Alchemy! Review – Transmuting Gold into Lead

Alchemy! (exclamation! point!) from Mike Kanarek and Aviary Games, is a take-that set-collection game for 2-5 players.  In it, everyone takes on the role of an aspiring alchemy student, competing against their fellows to prove they are worthy of the most victory points, or something.  Whatever.

andrewasmAndrew:  Listen, I’m going to get this out of the way up front – we didn’t like Alchemy! very much at all, despite really, really wanting to.  However, that’s not where this review ends, because there is one central idea here that I think is really worth talking about, so stay with me.  Really.

The bare-bones explanation of the game mechanics are thus: You will draft basic elements into your cauldron, trying to match the requisite symbols on the available potion cards.  If you manage to do so, you can brew up that potion, transforming every element invested in it into a victory point.  Along the way, you will also play cards that will let you kick over the hard work of your opponents, steal from them, and generally make an unlikable nuisance of yourself.  As the selection of potions gets claimed, the game draws to a close, and whomever has the most points wins.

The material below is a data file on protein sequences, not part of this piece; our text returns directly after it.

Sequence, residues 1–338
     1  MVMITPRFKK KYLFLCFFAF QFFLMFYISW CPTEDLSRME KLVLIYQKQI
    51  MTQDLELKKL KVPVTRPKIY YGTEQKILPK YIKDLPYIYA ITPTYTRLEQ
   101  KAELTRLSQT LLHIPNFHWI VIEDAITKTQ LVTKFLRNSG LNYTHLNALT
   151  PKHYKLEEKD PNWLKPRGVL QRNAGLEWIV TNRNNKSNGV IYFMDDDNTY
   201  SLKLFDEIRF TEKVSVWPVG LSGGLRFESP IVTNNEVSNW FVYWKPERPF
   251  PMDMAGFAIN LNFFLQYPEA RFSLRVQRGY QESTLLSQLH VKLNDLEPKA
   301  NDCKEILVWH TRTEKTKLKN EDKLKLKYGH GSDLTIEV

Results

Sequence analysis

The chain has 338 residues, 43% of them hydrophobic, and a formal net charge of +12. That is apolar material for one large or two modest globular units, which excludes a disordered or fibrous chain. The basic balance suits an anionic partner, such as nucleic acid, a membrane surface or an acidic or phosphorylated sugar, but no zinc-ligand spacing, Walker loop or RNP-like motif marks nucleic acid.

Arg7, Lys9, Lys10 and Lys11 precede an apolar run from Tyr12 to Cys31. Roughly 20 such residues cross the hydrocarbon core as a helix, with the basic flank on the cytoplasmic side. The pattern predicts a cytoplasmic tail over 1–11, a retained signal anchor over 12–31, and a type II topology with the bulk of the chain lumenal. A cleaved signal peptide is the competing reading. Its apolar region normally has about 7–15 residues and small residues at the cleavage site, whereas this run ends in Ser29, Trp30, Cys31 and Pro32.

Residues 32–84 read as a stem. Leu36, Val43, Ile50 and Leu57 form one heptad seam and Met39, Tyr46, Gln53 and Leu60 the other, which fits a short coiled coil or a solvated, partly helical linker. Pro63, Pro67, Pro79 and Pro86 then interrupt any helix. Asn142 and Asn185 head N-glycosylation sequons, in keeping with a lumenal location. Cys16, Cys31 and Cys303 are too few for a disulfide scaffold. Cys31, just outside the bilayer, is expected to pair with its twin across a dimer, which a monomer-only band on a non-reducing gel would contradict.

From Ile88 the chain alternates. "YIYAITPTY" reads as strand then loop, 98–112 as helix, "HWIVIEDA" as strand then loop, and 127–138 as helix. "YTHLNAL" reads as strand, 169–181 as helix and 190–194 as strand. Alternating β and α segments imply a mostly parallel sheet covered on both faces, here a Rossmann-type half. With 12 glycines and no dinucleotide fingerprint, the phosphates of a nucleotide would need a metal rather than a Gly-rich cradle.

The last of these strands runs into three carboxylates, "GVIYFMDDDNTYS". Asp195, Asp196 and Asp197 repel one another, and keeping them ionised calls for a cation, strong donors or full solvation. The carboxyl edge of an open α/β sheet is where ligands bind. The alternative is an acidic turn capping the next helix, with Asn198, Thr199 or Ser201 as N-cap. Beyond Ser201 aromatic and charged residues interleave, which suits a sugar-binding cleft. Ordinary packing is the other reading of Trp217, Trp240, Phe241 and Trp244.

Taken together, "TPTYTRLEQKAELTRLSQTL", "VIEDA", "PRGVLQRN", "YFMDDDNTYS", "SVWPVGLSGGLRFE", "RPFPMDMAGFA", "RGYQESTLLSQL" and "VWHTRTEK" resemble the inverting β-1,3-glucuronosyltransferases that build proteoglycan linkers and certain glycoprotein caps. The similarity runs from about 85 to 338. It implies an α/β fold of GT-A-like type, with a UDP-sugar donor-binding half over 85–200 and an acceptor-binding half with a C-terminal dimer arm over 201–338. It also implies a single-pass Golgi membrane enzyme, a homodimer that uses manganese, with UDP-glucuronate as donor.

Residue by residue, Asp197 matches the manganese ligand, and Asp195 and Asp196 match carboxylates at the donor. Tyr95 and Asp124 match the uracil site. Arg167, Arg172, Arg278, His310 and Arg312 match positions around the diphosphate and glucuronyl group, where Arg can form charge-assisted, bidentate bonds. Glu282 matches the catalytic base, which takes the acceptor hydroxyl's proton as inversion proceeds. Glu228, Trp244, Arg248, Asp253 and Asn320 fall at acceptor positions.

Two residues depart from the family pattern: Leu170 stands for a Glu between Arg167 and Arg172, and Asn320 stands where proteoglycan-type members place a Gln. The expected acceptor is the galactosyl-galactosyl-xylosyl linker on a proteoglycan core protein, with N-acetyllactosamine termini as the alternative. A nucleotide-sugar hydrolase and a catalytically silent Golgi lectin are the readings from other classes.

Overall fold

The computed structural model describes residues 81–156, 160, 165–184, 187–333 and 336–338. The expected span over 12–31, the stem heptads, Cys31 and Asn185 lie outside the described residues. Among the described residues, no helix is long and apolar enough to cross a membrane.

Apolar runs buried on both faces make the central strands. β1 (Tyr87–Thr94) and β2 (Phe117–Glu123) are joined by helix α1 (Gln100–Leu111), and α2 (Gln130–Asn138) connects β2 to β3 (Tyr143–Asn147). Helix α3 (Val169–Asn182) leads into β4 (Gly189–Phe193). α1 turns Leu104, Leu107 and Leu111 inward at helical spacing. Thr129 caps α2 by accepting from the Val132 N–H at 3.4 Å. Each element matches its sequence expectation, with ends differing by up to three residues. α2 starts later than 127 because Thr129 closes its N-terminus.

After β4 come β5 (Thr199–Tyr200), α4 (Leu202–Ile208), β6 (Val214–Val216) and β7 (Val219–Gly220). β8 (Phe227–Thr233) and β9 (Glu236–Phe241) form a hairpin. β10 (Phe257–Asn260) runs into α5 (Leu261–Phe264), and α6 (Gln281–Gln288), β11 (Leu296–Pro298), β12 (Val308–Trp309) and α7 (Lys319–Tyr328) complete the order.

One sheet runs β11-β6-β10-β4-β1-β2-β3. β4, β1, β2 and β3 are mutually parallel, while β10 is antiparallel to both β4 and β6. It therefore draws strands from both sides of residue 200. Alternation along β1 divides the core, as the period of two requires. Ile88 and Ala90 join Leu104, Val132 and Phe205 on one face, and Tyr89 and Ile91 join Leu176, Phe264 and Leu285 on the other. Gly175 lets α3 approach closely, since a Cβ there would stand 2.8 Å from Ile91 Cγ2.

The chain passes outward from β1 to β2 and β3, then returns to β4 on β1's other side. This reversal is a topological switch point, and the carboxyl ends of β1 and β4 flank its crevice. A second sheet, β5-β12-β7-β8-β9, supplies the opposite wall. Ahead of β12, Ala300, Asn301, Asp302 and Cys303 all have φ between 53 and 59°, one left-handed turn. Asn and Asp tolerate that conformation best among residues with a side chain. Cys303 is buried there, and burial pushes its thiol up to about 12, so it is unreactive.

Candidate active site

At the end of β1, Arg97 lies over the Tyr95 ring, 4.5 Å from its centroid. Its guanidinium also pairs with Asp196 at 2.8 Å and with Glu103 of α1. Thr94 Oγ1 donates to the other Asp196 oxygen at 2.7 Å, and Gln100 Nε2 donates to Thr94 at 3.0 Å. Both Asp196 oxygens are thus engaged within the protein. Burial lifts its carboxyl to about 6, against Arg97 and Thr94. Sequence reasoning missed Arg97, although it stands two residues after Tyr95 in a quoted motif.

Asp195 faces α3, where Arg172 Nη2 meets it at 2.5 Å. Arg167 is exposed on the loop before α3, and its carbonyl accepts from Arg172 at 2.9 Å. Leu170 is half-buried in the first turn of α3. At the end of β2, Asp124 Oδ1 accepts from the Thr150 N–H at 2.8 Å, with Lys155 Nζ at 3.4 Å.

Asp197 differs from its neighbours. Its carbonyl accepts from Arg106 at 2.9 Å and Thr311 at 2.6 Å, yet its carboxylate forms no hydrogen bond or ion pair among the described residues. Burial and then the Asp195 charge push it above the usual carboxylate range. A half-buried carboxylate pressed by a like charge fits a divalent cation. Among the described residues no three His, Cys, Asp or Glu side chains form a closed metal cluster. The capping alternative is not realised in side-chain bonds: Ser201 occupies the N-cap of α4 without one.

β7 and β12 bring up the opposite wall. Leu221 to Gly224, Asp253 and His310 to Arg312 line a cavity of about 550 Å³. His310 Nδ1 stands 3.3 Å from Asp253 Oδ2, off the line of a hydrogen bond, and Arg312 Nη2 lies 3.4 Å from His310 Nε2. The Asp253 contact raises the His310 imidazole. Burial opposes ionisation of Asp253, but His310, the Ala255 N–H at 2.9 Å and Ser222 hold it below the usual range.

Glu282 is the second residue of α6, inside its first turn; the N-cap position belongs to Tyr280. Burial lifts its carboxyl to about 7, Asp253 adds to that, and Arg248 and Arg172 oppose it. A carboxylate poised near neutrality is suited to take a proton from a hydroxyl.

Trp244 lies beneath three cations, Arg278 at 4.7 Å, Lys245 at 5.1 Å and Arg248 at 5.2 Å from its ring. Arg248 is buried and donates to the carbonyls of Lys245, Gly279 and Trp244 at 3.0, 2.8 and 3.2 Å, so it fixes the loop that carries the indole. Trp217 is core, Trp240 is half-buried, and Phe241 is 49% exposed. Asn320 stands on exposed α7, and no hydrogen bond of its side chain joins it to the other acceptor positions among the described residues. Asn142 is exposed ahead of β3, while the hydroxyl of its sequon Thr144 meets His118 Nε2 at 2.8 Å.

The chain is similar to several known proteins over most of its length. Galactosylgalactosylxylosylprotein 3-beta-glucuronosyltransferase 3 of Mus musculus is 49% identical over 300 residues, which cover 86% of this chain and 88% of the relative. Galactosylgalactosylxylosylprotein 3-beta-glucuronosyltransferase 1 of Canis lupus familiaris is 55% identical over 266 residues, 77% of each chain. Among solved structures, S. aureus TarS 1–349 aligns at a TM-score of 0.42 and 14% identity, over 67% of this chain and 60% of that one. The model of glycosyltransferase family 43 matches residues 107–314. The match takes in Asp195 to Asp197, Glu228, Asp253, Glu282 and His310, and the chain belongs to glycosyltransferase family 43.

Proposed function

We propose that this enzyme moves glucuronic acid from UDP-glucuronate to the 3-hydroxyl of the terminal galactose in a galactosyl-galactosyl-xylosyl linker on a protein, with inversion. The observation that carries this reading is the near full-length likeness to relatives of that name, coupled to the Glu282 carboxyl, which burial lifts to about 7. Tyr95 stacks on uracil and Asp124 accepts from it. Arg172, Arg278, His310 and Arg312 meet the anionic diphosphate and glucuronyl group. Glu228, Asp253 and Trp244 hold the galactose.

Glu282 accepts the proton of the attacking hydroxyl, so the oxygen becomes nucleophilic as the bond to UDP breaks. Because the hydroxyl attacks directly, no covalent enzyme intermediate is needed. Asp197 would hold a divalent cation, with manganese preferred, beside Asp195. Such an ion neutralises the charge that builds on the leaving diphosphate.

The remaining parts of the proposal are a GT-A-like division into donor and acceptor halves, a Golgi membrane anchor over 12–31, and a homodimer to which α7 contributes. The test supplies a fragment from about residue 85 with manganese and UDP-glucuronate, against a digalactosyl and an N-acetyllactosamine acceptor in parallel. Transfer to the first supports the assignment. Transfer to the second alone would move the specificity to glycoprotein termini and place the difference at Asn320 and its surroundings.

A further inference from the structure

Get together enough Fire, for example, and you can make this not-at-all-brand-named hot sauce
Get together enough Fire, for example, and you can make this not-at-all-brand-named hot sauce

However, the big twist are the potions themselves.  See, each potion has a unique gameplay effect; some let you take extra actions, or draw extra elements, or other advantageous things.  Many of them also cause ruination for your opponents.  But the big twist on top of the big twist is that, to activate the effect of a potion, you have to take a sip, which translates into removing one of the elements you spent to make the thing in the first place.

Effectively, in Alchemy!, your victory points become a currency you can use to power abilities which are unique to you, from a selection which is randomized and that you build for yourself as the game progresses.